Tim Stevenson from the SKA Observatory discussed the current state of radio astronomy and the challenges being brought by radio noise, especially in LEO and MEO. There is a huge challenge facing radio astronomy’s use of spectrum, its radio quiet zones as well as the limitations to existing protections. 

Andrew Williams of the European South Observatory explained the impact of SATCOM on Optical Astronomy. He explained that mega constellations in LEO are having a significant impact on Optical Astronomy and he raised concern that the major growth in numbers of satellites in LEO will continue to increase the chances of image interference caused by satellites illuminated by the sun. 

Williams suggested that the satellite industry should participate in developing brightness mitigation solutions, including satellite visors and satellite orientation. He added that there is hardly any current legislation to combat this issue and that this must be addressed. 

Within the broadcast industry, IP has been shifting how networks are used. To discuss the role of satellite and IP within broadcast, Chris Clarke of Cerberus Tech discussed the benefits of hybrid satellite/IP workflows to leverage the benefits of both delivery methods. Balancing operational complexity and cost through the technologies could open opportunities to more broadcasters, benefiting both satellite and IP industries for both contribution and distribution.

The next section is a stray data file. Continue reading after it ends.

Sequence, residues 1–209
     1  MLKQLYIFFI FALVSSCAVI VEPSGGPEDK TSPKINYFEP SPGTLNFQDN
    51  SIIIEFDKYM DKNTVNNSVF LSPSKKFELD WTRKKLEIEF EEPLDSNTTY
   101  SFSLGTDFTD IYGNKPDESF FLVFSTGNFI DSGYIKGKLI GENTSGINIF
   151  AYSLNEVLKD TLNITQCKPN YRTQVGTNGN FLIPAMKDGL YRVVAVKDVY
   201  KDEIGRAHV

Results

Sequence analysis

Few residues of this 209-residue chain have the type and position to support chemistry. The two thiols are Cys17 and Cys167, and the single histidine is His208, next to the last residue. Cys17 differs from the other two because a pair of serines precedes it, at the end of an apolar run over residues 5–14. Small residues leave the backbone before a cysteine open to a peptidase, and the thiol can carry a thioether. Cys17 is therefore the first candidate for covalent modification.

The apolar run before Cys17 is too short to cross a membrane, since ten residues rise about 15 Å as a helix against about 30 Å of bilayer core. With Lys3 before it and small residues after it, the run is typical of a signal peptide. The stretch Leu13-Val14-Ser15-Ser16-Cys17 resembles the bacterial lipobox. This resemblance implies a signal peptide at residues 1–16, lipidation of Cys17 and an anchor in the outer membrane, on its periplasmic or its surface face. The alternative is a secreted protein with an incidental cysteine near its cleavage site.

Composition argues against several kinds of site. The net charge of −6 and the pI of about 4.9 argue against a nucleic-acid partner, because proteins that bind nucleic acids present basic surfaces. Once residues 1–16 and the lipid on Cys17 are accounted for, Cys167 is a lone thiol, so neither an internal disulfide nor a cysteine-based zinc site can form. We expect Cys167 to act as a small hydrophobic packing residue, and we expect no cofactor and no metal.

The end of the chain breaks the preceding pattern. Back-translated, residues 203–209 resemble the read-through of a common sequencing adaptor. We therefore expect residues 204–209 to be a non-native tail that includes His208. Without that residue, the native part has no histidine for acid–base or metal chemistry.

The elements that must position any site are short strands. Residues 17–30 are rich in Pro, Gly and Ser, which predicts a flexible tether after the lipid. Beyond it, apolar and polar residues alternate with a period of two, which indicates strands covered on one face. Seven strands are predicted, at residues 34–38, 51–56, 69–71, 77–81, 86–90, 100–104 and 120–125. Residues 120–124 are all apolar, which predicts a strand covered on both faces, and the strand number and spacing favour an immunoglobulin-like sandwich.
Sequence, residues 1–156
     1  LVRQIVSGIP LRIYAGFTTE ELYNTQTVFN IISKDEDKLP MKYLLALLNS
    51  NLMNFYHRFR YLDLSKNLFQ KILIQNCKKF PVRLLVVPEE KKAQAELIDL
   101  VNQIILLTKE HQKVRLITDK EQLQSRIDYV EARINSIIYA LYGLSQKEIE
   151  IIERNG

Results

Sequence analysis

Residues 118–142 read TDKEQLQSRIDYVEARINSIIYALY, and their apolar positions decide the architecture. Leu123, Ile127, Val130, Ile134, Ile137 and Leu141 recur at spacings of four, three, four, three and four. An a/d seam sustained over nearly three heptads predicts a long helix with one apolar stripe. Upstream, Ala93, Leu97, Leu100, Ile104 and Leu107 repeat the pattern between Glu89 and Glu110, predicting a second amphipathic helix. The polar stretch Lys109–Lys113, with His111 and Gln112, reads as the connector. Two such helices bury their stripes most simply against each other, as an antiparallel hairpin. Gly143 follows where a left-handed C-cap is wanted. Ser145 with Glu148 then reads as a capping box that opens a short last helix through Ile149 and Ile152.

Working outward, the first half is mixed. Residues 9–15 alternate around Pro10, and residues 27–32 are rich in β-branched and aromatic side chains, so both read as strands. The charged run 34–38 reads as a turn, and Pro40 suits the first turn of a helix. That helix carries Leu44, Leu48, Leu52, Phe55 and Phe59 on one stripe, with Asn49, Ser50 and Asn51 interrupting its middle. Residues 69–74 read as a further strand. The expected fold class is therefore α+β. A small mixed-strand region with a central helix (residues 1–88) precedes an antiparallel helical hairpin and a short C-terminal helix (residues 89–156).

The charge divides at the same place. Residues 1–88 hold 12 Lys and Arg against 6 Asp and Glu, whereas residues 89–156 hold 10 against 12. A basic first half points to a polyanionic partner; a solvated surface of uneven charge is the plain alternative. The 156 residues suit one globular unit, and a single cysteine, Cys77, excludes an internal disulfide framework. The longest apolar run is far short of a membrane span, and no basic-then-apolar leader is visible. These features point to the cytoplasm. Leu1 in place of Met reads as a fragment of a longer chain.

Following on from IP, discussions turned to the topic of the Cloud and virtualization. The satellite industry needs to be making the move to virtualization — a process that has already started for some in the industry. 

Virtualizing the ground segment delivers the cloud-based benefits we have all become accustomed to — low costs, easy expansion, and flexible scalability. The Cloud also delivers improvements within the handling of data; something that will be critical when managing new technologies, such as LEO, 5G and cloud-based RFI data processing. 

Paul Isaac of Kratos summarized the working group’s objectives, which is mainly focusing on providing information and education to operators looking to move to cloud-based networks. 

    Workshop Outlook                                                                                                                                                                

It is clear that the industry is delivering many innovative solutions in response to the latest set of challenges to SATCOM as it strides toward the huge changes that sometimes seem to be occurring each day within the industry and the necessity of ensuring communication channels remain open between all market segments. 

It was brilliant to see in-room discussions occur, with informative opinions from different areas of the various sectors that are shaping the future of SATCOM innovation. 

Helen Weedon

The next workshop takes place at SES in Luxembourg from 18th to 19th October. More information available here - https://satig.space/eventlist/sig-october-22-workshop/

Author Helen Weedon is the Managing Director of the Satcoms Innovation Group.